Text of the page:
- Restrictions on a target’s financing and capital activities, including (1) ability to pay or not pay dividends, change its dividend payment rate on any class of securities, redeem senior instruments, or make voluntary prepayment of indebtedness, (2) ability to authorize or issue additional junior equity or debt securities, or amend the terms of any equity or debt securities issued by the company, (3) ability to engage in a public offering or to list or de-list securities on an exchange, (4) remove or select of any independent accountant, auditor, or investment banker, or (5) ability to significantly alter accounting methods and policies, or its regulatory, tax, or corporate status, such as converting from a stock corporation to a limited liability company.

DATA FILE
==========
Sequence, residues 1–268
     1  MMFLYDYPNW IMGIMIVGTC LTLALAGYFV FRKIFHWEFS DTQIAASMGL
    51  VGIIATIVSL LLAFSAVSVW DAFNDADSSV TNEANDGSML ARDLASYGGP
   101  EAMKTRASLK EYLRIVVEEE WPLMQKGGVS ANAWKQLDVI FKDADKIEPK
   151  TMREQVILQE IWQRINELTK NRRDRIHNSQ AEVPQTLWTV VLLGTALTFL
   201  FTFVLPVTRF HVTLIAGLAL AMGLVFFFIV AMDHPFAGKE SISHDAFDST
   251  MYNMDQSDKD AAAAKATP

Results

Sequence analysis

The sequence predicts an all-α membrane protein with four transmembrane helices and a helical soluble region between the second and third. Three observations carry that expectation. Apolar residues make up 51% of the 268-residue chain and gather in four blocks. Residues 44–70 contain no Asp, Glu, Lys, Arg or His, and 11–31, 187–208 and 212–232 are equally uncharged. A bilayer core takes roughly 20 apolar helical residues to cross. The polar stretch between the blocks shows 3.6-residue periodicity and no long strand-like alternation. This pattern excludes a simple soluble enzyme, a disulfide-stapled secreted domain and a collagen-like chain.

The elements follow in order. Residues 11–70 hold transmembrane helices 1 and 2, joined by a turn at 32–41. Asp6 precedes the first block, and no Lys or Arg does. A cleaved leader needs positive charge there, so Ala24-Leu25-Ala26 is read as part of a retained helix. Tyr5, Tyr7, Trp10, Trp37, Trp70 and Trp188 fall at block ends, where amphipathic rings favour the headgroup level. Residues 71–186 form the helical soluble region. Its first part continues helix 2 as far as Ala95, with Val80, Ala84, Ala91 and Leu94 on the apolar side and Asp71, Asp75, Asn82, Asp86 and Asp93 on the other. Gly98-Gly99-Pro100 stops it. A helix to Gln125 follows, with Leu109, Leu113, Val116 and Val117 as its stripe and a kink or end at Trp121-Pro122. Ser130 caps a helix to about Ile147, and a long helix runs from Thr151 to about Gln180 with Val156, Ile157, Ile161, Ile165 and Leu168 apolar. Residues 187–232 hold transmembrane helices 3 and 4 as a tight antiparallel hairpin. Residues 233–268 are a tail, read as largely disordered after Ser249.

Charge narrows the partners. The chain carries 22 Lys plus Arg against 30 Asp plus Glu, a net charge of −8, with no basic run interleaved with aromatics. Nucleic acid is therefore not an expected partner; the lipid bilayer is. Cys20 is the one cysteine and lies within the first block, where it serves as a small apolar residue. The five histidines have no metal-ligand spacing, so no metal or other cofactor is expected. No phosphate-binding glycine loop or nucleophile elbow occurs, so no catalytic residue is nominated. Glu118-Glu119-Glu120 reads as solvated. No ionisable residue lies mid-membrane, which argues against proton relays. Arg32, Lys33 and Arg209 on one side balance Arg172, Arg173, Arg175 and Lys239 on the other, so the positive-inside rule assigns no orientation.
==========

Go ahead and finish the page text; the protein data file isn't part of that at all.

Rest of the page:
- Requirements that the target (1) achieve or maintain certain fundamental financial targets, such as a debt-to-equity ratio, a net worth requirement, a liquidity target, or a working capital requirement, or (2) not exceed a specified percentage of classified assets or nonperforming loans.
- Restrictions on the target’s ability to (1) hire, fire, or compensate its senior management officials, or (2) significantly modify employee salary, compensation, employment, or benefits plan policies.
- Restrictions on the target’s ability to amend its articles of incorporation or bylaws, other than limited restrictions that are solely defensive for the investor.
A presumption of control would not be triggered by the following “limiting contractual rights”:
- Restrictions on a target’s ability to issue securities senior to the noncommon stock securities owned by the investor.